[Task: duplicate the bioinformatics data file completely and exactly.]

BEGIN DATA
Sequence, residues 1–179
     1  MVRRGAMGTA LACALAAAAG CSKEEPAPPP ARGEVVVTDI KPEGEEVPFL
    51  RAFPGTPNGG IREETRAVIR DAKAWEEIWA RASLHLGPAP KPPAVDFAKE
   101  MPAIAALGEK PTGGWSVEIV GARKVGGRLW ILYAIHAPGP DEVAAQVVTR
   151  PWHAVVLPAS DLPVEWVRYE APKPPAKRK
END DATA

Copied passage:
Sequence, residues 1–179
     1  MVRRGAMGTA LACALAAAAG CSKEEPAPPP ARGEVVVTDI KPEGEEVPFL
    51  RAFPGTPNGG IREETRAVIR DAKAWEEIWA RASLHLGPAP KPPAVDFAKE
   101  MPAIAALGEK PTGGWSVEIV GARKVGGRLW ILYAIHAPGP DEVAAQVVTR
   151  PWHAVVLPAS DLPVEWVRYE APKPPAKRK